the Scarlet Pimpernel predates him, but there's no question
that Zorro really stands as the most influential of masked
adventurers. Even wise writers on Batman had to acknowledge
the debt directly; in the comics, at least, Bruce Wayne
and his parents had attended The Mark of Zorro the
night everything changed.
silent film to modern cinema, Zorro has managed to survive
every change in tastes. With the release today of Disney's
version, a two season series from 1957, you could make the
case that no matter what the era, just being Zorro makes
DVD release is nothing short of loving. Long-time Disney
fan and movie critic Leonard Maltin opens the first season
set with an enthusiastic tribute to his boyhood fandom,
and watching the episodes only makes that gushing infectious.
Tightly written with production values that raised the bar
for weekly television, Zorro still works.
stand-alone episodes that still string together in long
arcs, it seems no wonder this was once the most popular
show on television. Economically told, each episode packs
in a healthy balance of (watered down) political intrigue,
slapstick hijinks, villainy, and of course, dashing heroics
on the part of Don Diego de la Vega (Guy Williams). From
time to time, an episode will include a bit of dialogue
getting new audiences up to speed about certain elements,
but it doesn't ever grind down the storytelling.
the center is, of course, Williams. If your only exposure
to him has been through Lost In Space, this is quite
a surprise. Charismatic and bold, he portrays a nobility of
spirit that shines through both Zorro and his bookish alter-ego
of Don Diego. Underneath it, you also get a sense that he
enjoys the heck out of his double life, but that enjoyment
never gets in the way of his various crusades against injustice.
Most importantly, he never winks at the audience. In one
of the included documentaries, an actress on the series
describes Williams as showing us the best of what a person
could be, a true role model. And unlike later masked avengers,
Williams' Zorro isn't actually an avenger. He sees
injustice, and sees the opportunity to fight it. Though
it occasionally pains him to let his father think he's a
coward (though even that aspect of the character seems to
fade over time), he knows he has to do it to protect him.
Zorro has no extraordinary weapons, though he does have
a Wonder Horse.
He's just the right guy doing the right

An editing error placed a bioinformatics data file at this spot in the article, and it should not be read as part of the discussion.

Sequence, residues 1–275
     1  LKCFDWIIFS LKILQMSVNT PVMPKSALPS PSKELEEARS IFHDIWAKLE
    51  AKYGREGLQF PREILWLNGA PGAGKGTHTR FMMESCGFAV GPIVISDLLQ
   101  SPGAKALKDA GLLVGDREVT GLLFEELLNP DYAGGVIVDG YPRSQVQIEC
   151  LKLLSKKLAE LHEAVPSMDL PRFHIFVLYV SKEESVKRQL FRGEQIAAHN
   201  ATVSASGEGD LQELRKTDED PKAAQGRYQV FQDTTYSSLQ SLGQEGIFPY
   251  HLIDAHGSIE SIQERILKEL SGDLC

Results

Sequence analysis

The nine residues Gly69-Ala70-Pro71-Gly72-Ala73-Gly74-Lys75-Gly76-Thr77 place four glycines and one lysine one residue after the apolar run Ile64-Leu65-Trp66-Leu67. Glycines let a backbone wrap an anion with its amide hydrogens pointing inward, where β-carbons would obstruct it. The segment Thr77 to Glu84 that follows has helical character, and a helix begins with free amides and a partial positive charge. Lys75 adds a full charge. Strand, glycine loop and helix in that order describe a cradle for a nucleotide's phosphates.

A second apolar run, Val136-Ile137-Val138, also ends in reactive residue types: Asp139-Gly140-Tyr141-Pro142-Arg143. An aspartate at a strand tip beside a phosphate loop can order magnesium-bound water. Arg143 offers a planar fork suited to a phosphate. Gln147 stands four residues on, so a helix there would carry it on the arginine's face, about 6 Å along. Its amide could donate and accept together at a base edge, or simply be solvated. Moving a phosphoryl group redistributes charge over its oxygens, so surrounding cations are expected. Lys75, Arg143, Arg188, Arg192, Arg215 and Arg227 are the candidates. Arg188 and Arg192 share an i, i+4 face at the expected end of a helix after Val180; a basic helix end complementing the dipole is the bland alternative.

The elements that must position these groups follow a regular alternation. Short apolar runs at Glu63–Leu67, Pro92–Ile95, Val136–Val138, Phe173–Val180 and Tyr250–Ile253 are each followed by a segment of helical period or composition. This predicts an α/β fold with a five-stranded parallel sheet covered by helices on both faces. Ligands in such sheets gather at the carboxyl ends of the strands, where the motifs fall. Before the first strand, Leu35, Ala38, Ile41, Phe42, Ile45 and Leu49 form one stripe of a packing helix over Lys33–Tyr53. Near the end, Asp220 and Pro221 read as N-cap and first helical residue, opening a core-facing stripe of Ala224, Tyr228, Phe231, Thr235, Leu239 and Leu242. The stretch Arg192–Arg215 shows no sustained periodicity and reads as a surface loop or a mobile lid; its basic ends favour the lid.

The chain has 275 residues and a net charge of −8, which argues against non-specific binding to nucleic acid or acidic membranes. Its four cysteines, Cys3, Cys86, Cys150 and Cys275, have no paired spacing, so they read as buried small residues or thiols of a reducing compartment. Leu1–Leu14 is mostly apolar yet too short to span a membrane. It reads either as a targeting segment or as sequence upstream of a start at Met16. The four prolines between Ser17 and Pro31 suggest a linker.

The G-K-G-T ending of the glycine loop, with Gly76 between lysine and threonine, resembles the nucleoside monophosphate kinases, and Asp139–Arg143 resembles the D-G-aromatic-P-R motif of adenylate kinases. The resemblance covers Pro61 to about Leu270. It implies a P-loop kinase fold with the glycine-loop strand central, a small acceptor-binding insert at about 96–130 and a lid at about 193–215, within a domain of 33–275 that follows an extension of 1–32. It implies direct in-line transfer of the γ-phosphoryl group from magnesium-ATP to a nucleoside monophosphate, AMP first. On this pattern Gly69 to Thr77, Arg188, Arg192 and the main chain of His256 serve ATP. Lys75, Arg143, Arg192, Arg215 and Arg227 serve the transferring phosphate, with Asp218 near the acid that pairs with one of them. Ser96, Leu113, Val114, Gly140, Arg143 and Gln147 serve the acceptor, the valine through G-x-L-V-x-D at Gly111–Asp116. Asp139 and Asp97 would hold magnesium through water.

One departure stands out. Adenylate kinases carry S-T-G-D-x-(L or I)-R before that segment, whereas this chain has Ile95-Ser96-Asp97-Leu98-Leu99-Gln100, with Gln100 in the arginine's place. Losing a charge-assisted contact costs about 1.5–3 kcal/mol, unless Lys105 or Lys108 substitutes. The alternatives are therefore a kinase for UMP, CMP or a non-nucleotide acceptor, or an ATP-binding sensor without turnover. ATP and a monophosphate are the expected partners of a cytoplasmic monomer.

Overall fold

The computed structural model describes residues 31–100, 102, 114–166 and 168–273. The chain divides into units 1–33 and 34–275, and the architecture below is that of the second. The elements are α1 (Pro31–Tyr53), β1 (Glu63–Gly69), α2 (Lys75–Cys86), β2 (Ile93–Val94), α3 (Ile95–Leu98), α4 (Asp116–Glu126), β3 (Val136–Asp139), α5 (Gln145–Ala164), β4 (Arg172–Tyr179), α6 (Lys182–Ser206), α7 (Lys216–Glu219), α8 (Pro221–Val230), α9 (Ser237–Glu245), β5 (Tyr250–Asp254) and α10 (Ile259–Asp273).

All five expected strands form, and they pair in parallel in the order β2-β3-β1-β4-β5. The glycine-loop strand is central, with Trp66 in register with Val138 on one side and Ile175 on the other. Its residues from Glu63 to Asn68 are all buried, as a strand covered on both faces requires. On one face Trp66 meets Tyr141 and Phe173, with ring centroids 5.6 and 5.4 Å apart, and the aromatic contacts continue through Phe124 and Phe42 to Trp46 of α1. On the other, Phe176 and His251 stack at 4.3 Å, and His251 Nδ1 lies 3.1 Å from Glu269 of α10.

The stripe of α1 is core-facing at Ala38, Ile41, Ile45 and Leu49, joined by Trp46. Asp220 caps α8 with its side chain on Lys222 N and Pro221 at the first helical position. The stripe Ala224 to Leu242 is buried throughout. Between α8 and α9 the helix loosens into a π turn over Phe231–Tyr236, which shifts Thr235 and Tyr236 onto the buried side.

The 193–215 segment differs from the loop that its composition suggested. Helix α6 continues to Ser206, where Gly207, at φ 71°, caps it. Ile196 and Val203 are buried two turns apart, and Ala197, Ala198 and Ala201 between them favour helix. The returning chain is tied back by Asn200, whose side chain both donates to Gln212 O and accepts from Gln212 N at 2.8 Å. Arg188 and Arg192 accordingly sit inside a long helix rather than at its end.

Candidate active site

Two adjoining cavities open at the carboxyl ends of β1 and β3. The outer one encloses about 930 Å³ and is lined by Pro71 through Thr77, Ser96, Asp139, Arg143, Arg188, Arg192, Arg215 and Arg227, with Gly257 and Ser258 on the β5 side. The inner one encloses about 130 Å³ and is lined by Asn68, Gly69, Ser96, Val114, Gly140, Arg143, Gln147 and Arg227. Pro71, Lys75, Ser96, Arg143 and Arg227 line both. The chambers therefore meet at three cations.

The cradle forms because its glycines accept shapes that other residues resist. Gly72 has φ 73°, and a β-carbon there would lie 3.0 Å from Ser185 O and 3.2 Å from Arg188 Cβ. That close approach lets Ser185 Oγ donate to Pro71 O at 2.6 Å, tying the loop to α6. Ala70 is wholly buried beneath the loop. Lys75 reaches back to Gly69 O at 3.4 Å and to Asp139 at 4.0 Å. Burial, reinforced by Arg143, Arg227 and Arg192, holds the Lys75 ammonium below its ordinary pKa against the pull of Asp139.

thing at the right time. Sure, the character inspired Batman,
and loaned him a lot of his schtick, but in many ways Zorro
is the light to Batman's dark.
Though shot on the Disney back lot, it only rarely feels
stage-bound. For the most part, it also stands up because
of its setting in 1820's California - the dialogue isn't
exactly stilted, but it's constructed to make it sound of
a different time, and that still works.
The show does, however, have a somewhat paternalistic attitude
towards the native Californians that might be jarring. Yet
it's clear that in Zorro's eyes, everyone is equal, and he'll
fight injustice no matter what form it takes. Maybe it's a
black and white view, and that may also be why this got packaged
as a "Walt Disney Treasure" from the Vaults instead of getting
a major multi-media push - the show is completely shot in
black and white.
In fact, the only reason the show stopped production was
over that very issue - Walt Disney wanted to move it to
color, and ABC didn't. So they stopped and sued each other
for a couple of years. Is there something strange about
Disney now owning ABC?
But for a lower print run DVD, this "Treasure" is well
worth it. Released in two separate collections (Season 1
and Season 2), the episodes are in near pristine condition.
Now that I've begun converting to Blu-ray, it's a shame
that Disney didn't do that upgrade for this.
The collections each include an extra documentary. On
Season One, a featurette covers the history of the character,
though leaving out everything after Disney's version. (For
the record, that would be Isabel Allende's novel, Culture
Clash's play, two animated series of varying quality, George
Hamilton's Zorro the Gay Blade and of course Antonio
Banderas' two outings as the character. Wait -- I think
there's more!.) Four one hour episodes used for Disneyland
are parsed across the two collections; those four hours
would have begun season three.
This one goes on the gift guide. It's a series meant for
the whole family from a time when, mysteriously, studios
(or at least one) actually understood how to make a series
for the whole family.
Disney Treasures: Zorro - The Complete First Season